What the TV Show ‘Blue Bloods’ Gets Right About Fathers
The police procedural starring Tom Selleck is like nothing else on television, especially in its depiction of family
Flip through today’s endless television shows, and you’ll be hard-pressed to find fathers portrayed in any kind of meaningful way.
If TV writers of the 1950s went too far in depicting fathers as all-knowing and all-wise, then TV dads from the 1990s and beyond have gone too far in the opposite direction. They’ve often been treated as unnecessary, utterly clueless, or even a malignancy on the family.
However, one show on broadcast TV breaks the mold: “Blue Bloods” on CBS.
This show has finished its eighth season on CBS and has been greenlighted for a ninth season — but can still be watched on CBS All Access or on Hulu.
The police drama keeps family at its center. It follows multiple generations of the Reagan family, who have dedicated their lives to public service. Frank Reagan (Tom Selleck) is the current police commissioner. His father, Henry (Len Cariou) was the former commissioner. The oldest son Danny (Donnie Wahlberg) is a detective; youngest son Jamie (Will Estes) completed law school but decided to become a beat cop; and daughter Erin (Bridget Moynahan) is the assistant district attorney.
The program contains many familiar elements of police and legal procedural dramas, with multiple and sometimes overlapping story arcs. There are storylines about office politics and actual politics, about the deep bond of trust that develops between partners — and it even attempts to address real-world issues like police profiling and excessive use of force. But what makes "Blue Bloods" stand apart from other police dramas is its positive depiction of fathers and male role models, along with its focus on family.
As we approach Father's Day, it would be instructive to look at what "Blue Bloods" gets right — in the hope that other TV writers will follow the example of this series.
The fathers aren't perfect, but they're loving, involved, honorable, and worthy of respect. "Blue Bloods" breaks the pattern of showing fathers as clueless or unnecessary by displaying three men and fathers who are lovingly and deeply committed to their families and involved in their children's lives.
Henry, Frank and Danny aren't perfect; and they don't always agree on the right thing to do in every circumstance. Yet they're all guided by principle, rather than expediency or greed, which makes them deeply honorable. They make mistakes, but they usually admit when they're wrong, which makes them men of integrity and worthy of respect — qualities all too rare on television today.
Faith isn't caricatured, but treated with respect and shown to be an important part of the characters' lives. At least once per episode, the entire Reagan family — four generations — sits down around the dinner table, with no phones or devices, says grace and breaks bread together. No one is allowed a single bite until everyone is seated and grace has been said. Just the mere fact that the family is shown praying together makes this series unique in the television landscape.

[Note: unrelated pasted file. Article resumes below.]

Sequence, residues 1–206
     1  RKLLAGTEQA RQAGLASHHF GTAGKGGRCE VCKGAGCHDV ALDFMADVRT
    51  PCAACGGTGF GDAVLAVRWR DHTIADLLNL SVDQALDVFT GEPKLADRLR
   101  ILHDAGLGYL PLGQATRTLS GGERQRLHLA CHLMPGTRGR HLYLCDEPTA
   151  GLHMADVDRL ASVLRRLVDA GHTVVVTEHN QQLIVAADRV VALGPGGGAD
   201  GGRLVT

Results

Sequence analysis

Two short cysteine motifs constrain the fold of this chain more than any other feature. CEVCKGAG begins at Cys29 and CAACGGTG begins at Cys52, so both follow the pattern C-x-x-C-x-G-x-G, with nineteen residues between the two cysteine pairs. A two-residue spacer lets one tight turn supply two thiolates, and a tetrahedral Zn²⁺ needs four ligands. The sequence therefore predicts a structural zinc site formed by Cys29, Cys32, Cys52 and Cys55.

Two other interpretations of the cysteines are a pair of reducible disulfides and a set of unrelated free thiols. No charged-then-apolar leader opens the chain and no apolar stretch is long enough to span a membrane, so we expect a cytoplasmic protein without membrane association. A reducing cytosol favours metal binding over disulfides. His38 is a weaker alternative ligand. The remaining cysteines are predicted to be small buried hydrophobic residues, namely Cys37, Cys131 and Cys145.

Family is more important than work. Most "workplace" dramas feature occasional glimpses of the characters' home lives or families as a way for viewers to better understand the characters; but at the end of the day, it's always about the job. With "Blue Bloods," the writers have created people who do their jobs honorably and well, but who would walk away from their jobs in an instant if doing so would be in the best interests of their family.
At the beginning of season eight, the audience learns that Danny's wife, Linda, has died. Now that he's a single parent living on a single income, Danny considers a career change, in part so he can better provide for his family; but mostly he does so because of the dangerous nature of his work and his fear of what would happen to his children if he were to be killed in the line of duty.
Families take work to stay together. Sometimes members of the Reagan family are at odds, either personally or professionally. However, whatever's going on between them, whatever conflicts might arise, they always come back together for Sunday dinner. They talk about their problems, they work out their disagreements, and they hash out their interpersonal conflicts — but they always they come back together as a family, strong and united.
For decades, TV writers have done families a massive disservice by treating dads as disposable. For the eight years "Blue Bloods" has been on the air, there was at least one positive depiction of family life, with positive male role models and loving, involved fathers.
Who knows when we'll see another like it.
Melissa Henson is the program director for the Parents Television Council, a nonpartisan education organization advocating responsible entertainment. (www.ParentsTV.org)
(photo credit, homepage and article images: CBS)